After completion of the imaging protocols, all animals were sacrificed at week 8. For immunostaining, explanted hearts (n=10 for CSC, n=5 for PBS, and n=2 for sham) were embedded into OCT compound (Miles Scientific), snap frozen in liquid nitrogen, and cut into transverse sections at 5 μm thickness. To track GFP positive CSC-derived cells and cardiomyocytes differentiation in hearts, anti-GFP antibody (Invitrogen) and anti-α-sarcomeric actin (α-SA) antibody (Sigma) were used. Alexa Fluor 488 and Alexa Fluor 594-conjugated secondary antibodies were applied appropriately. DAPI was used for nuclear counterstaining. To detect microvascular density (MVD) in the peri-infarct area, a rat anti-mouse CD31 (BD Pharmingen) and Alexa Fluor 647-conjugated secondary antibody were used. The number of capillary vessels was counted by a blinded investigator (HC) in ten randomly selected areas using a fluorescence microscope (200x magnification). To detect fibrosis in cardiac muscles, explanted hearts (n=10 for CSC, n=5 for PBS, and n=2 for sham) were fixed in 4% paraformaldehyde, cut transversely, embedded in paraffin, and stained with Masson’s trichome (25). Five to six sections from apex to base were subjected to staining. Images of each section were taken to calculate the fibrotic and nonfibrotic areas as well as ventricular and septal wall thickness. The thinning index is a ratio of the amount of wall thinning in the infarct normalized to the thickness of the septum and is calculated by dividing the minimal infarct wall thickness with maximal septal wall thickness. The measurement of area of fibrosis and thinning index were determined by Image J software (NIH) performed on 3 separate sections, and the averages were used for statistical analysis.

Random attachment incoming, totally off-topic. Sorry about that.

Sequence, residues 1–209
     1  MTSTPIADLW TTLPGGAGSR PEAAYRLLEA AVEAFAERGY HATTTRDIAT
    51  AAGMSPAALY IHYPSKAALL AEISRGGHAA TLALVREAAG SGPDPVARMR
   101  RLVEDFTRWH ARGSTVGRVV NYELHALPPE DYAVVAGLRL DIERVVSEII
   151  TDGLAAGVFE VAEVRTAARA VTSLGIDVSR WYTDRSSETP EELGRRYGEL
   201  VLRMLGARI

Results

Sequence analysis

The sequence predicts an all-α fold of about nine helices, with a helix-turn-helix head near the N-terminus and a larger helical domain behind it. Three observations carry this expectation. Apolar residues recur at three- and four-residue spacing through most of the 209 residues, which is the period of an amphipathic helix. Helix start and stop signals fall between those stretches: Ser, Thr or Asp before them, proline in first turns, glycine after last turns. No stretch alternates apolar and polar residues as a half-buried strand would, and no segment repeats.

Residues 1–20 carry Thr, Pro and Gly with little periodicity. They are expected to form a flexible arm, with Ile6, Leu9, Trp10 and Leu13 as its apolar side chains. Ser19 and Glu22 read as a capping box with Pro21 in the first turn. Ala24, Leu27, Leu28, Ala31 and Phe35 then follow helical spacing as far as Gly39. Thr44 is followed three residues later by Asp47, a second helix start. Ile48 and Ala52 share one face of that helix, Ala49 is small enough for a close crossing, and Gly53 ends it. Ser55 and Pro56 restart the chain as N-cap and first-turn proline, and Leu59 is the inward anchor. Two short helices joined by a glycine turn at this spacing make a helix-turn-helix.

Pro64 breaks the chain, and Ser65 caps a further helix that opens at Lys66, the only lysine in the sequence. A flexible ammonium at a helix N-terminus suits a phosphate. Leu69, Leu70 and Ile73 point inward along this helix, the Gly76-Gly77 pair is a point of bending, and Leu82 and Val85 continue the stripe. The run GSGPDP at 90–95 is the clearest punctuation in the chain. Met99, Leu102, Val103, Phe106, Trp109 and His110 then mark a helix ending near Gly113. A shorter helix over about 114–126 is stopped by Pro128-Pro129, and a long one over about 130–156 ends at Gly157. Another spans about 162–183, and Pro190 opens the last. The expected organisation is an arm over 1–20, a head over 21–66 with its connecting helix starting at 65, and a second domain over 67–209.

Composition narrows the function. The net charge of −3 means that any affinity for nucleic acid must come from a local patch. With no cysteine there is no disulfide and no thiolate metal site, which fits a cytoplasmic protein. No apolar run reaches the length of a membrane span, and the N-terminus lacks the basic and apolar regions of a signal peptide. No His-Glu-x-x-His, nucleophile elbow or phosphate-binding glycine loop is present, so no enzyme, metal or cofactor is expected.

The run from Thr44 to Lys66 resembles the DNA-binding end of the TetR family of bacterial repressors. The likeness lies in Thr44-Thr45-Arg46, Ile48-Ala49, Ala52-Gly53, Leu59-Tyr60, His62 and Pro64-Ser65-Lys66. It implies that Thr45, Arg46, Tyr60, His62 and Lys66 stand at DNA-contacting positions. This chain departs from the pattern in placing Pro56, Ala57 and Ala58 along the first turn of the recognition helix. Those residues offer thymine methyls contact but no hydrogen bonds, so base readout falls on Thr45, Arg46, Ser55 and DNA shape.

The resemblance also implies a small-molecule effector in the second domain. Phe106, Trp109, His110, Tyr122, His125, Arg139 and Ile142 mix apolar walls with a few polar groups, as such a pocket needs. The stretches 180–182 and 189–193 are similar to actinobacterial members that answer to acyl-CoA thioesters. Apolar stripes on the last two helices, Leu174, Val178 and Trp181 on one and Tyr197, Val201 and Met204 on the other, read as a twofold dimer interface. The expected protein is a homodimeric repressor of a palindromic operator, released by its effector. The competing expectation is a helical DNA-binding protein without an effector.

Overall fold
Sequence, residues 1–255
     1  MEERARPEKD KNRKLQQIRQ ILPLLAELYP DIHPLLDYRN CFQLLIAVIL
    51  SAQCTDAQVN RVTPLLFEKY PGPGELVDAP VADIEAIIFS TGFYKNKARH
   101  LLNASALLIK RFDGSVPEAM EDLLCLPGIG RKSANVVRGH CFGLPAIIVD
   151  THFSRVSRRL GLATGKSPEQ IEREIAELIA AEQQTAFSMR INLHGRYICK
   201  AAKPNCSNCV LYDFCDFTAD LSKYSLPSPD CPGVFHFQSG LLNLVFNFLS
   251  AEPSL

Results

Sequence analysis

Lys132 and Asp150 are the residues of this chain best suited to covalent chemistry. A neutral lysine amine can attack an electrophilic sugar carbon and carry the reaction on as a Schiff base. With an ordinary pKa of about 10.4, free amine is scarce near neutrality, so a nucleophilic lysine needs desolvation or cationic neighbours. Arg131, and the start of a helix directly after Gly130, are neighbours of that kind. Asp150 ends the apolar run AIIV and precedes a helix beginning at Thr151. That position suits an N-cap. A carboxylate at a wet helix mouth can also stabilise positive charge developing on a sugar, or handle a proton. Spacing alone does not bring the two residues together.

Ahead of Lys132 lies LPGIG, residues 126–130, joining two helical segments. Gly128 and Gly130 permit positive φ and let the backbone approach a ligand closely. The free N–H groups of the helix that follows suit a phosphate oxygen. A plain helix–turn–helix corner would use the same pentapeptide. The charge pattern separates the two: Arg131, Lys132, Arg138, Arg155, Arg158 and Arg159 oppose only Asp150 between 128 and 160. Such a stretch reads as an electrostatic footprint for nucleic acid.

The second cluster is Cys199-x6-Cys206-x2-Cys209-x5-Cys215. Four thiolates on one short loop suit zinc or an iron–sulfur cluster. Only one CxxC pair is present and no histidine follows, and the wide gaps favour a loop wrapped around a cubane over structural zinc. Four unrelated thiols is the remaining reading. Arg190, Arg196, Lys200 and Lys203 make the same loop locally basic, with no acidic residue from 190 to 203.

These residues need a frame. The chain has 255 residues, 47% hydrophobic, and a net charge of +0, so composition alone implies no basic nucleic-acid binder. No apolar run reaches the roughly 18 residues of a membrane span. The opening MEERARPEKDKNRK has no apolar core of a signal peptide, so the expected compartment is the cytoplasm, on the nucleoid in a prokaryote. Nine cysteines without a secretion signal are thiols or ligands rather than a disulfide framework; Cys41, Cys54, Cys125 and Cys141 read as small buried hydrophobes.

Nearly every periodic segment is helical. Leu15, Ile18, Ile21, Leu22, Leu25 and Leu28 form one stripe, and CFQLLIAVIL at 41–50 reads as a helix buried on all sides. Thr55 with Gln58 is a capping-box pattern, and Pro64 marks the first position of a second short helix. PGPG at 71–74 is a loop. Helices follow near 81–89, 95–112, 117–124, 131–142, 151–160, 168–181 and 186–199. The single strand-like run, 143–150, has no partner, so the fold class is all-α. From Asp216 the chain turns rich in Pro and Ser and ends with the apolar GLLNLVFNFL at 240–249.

Statistical analysis
Comparison of fractional shortening (FS), ejection fraction (EF), cardiac viability, and infarction size between CSC and sham/PBS groups over time was done by two-way repeated measures ANOVA with group and day as factors, using a Greenhouse-Geisser correction for lack of sphericity. Comparison of end systolic and diastolic volume and pressure between CSC and sham/PBS groups was done by two-way repeated measures ANOVA with group and cardiac phase as factors, using a Greenhouse-Geisser correction for lack of sphericity. Comparison of histological infarct size and microvascular density between PBS and CSC groups was done by two-tailed t-test. Statistics were calculated using SPSS 14.0 (SPSS Inc., Chicago, IL, USA). Descriptive statistics included mean and standard error. Differences were considered significant at P values of <0.05.
Statement of Responsibility
The authors had full access to and take full responsibility for the integrity of the data. All authors have read and accept the manuscript as written.
Isolation and culturing of cardiac stem cells (CSCs)
Explanted hearts were subjected to enzymatic digestion, cultured, and are composed of Sca-1 positive cells (Figure 1A). Phase bright spherical cells that spontaneously separated from the myocardium samples were identified after 2–3 weeks. These cells demonstrated a high nucleus to cytoplasm ratio and expressed robust GFP (Figure 1B). Importantly, assessment of Fluc expression showed a linear correlation (r2=0.98) between the total cell numbers and the bioluminescence signals (Figure 1C), which is needed for accurate tracking of cell fate in subsequent in vivo imaging studies. The cells also demonstrated linear growth with population doubling time of approximately 5 days (Figure 1D), similar to previous studies (10,12,16).
Figure 1
Figure 1